Just finished it. I thought it was absolutely phenomenal. I have an issue with how quickly he ended it though, it seems very out of keeping. Everything else in Derfel's life is described extensively, and by having the story be from Derfel's POV and ending it with the last battle at Camlann, he leaves out so much story which could easily have fitted into an epilogue. Were I his editor I would at least have advised to spend some time on tying that up properly. Too many questions unanswered. What happens to Guinevere, Galahad, Gwydre and the others on the boat for instance? Does Derfel ever meet them again? Where does he go to live with Ceinwyn and how many more years are they given? I understand that he wants to keep Arthur's final fate unknown, even though we can deduce from his never coming back that he did die, but the final chapter just doesn't seem right in how fast Cornwell goes about tying things up.

Other than that niggle about the unsatisfying ending, nothing but praise. Well almost. I thought the characterization was great, particulary for the secondary characters. He does a great job of building a big cast of characters in a way few authors can. Especially the group of Arthur's companions such as Sagramor, Culhwch, Galahad, Tristan. Derfel is the star of the show in this series rather than Arthur, whose portrayal I am ambivalent about. The same applies to Merlin, who has been portrayed better elsewhere ( Stewart). Merlin to me was too powerless, too vulgar. I understand he went for the Dark Merlin/Mad Merlin take but I don't think it fully worked, he is too diminished for my taste. Nimue was interesting, as was Guinevere. So many good enemies as well, Lancelot, the Saxons, Amhar and Loholt, Mordred, Nimue, the vicious twins Dinas and Lavaine that killed his daughter, so many weak men set off against strong ones, the story of Tristan and Iseult, the character of Gawain gets a completely different treatment,a great sense of melancholy for a lost reign. Wonderful how Cornwell gives us the story through the eyes of a man writing at the end of his life, excellent device. Actually a great romance between Derfel and Ceinwyn as well, touching.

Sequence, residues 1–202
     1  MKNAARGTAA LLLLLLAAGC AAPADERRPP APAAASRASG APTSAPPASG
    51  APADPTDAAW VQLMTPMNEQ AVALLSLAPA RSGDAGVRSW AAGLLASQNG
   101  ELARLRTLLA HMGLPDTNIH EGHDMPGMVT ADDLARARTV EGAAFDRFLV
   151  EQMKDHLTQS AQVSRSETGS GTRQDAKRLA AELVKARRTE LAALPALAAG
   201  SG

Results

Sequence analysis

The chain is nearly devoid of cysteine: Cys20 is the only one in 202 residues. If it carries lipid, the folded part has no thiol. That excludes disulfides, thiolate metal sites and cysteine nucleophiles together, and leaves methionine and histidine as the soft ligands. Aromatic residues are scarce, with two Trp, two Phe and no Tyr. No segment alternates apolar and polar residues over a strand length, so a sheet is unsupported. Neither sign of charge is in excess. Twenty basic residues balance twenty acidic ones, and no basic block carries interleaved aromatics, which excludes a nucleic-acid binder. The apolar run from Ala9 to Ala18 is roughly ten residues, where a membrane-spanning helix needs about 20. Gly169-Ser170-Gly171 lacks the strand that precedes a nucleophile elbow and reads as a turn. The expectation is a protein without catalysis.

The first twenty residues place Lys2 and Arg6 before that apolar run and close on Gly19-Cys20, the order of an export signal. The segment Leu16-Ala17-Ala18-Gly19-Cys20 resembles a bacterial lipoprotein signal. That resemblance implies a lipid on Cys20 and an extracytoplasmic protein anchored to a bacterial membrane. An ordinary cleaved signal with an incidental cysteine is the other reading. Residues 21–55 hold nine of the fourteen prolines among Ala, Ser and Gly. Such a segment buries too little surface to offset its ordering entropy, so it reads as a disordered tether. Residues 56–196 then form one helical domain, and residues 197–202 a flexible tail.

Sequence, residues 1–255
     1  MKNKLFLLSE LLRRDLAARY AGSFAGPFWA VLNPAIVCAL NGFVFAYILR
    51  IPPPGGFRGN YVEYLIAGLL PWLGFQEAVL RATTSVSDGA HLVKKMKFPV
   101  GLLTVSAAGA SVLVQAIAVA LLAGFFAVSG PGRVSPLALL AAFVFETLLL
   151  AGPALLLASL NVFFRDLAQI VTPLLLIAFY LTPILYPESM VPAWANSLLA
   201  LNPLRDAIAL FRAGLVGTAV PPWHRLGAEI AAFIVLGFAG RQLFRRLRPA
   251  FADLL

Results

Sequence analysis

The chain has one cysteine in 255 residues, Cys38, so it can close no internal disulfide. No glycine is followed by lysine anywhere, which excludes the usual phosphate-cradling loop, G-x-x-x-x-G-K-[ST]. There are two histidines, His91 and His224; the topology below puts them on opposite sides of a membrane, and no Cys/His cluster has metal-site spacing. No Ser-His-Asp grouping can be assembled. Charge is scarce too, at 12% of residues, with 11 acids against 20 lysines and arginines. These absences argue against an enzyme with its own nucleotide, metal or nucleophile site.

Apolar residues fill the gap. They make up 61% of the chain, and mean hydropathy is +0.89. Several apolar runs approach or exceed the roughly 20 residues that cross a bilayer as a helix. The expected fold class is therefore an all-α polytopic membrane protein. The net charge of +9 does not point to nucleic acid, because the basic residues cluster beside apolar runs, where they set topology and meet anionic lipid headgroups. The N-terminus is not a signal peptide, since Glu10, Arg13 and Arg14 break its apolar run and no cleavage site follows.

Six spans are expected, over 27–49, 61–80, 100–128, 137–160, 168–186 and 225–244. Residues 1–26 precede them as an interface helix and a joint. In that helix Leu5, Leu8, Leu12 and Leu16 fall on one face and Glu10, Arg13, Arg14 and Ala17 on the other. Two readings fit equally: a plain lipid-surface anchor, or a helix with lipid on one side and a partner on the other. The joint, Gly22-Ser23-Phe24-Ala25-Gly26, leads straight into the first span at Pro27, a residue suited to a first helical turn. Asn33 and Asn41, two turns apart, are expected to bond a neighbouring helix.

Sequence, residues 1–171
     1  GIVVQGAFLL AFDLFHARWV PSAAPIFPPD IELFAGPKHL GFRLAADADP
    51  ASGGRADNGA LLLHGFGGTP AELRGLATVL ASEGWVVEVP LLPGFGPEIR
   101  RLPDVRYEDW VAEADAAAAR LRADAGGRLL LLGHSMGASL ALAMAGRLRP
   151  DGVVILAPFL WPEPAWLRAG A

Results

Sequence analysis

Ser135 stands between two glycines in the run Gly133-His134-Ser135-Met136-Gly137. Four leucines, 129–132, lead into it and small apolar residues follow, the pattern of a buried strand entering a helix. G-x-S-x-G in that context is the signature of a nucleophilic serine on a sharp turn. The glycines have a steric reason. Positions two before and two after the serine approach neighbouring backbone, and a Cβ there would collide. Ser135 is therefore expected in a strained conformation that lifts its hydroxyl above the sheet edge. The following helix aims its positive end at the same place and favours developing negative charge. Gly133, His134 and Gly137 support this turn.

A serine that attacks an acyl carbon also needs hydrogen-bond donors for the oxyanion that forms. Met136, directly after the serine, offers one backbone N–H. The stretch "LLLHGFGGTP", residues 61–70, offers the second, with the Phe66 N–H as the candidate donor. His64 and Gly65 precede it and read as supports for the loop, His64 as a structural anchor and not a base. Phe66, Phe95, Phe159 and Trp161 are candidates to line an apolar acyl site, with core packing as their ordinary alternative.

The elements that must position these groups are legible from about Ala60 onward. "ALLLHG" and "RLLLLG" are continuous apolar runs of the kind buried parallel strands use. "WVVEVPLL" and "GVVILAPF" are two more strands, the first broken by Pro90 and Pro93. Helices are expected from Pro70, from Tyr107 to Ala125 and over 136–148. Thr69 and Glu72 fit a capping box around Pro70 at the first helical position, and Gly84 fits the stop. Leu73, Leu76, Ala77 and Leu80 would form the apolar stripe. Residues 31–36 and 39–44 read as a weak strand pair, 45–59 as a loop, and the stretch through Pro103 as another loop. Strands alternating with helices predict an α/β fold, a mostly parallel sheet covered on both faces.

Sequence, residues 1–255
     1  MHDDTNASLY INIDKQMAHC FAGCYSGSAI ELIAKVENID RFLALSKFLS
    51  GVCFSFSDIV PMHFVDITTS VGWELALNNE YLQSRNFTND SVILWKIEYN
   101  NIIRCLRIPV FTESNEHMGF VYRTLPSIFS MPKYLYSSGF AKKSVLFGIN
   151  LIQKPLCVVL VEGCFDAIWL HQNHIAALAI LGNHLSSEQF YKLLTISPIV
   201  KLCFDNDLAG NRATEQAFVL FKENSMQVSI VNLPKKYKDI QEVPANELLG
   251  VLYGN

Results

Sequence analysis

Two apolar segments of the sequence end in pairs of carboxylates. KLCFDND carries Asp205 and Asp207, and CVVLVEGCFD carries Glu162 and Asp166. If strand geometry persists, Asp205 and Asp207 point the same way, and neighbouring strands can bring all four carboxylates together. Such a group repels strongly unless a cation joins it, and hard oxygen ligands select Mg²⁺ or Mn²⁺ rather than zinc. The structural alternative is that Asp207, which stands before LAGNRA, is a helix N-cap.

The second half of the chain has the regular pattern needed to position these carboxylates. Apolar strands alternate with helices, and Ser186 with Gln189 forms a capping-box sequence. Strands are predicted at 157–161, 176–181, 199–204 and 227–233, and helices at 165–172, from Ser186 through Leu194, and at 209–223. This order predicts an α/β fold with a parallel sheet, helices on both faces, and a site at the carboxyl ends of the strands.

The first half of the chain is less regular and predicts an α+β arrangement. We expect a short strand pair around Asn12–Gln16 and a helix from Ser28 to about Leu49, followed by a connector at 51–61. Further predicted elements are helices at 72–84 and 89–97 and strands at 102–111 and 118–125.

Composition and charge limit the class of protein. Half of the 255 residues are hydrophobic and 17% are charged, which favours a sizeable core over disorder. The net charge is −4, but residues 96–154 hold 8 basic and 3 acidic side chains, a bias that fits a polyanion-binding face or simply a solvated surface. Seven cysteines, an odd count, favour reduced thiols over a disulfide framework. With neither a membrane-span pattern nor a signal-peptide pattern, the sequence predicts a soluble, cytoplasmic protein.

His portrayal of magic in the story seems to shift at the end of the third book from how it has been portrayed up until that late point in the story however, and I found that quaint. After two and a half book of pretty much no magic and alternate explanations for everything that could be construed as magical, he does seem to want to make it plain at the end that there is some real magic being done.

Lancelot: one-dimensional. He's a total tool, bereft of good qualities, unlike Galahad who is his opposite and who Derfel calls his best friend.

The Saxons: not villains in the sense that they are just like the Britons, trying to gain land so continious flow of Saxons coming to the British shores can be accomodated. And enemy yes, but it depends on the POV. Nimue, the druid twins, Lancelot etc are more clearly defined as villains. Not to mention the guy that tries to kill Derfel so shcokingly at the Isle of the Dead.

Strange how Nimue turned out. From Merlin's best friend in youth to ally in maturity to cruel enemy at the end. Mordred was a truly terrible human being, rotten even as a boy.

Merlin's portrayal leaves too much to be desired here. As does Arthur's, who is lead around the nose too much by Guinevere in the first two books, something which is corrected in book 3. He is very human, but for me just a bit much and too flawed. Some of his decisions were just poor and as Derfel said, poor for all to see but Arthur.
Loved the companions. The bachelor Galahad, Christian knight of great prowess, coarse Culhwch, built like a bull, Derfel himsel with his marvellous life story, Sagramor the black demon. Tristan was a great character as was the brutal Lord Owain in book 1, I was sad to see him killed. Same for Aelle, Derfel's father.

In the end, a superb portrayal of Arthurian legends. The only Arthurian series that rivals it is the vastly different Merlin Trilogy by Mary Stewart. I've still yet to read Sword at Sunset though, which has no Merlin as I understand it. He puts a different hat on almost every character, and on many known events. He has great storytelling flair and displays great characterization abilities. He shows us battles, passion, romance and makes the Arthur story new to those had become tired of it.
9/10
 
Top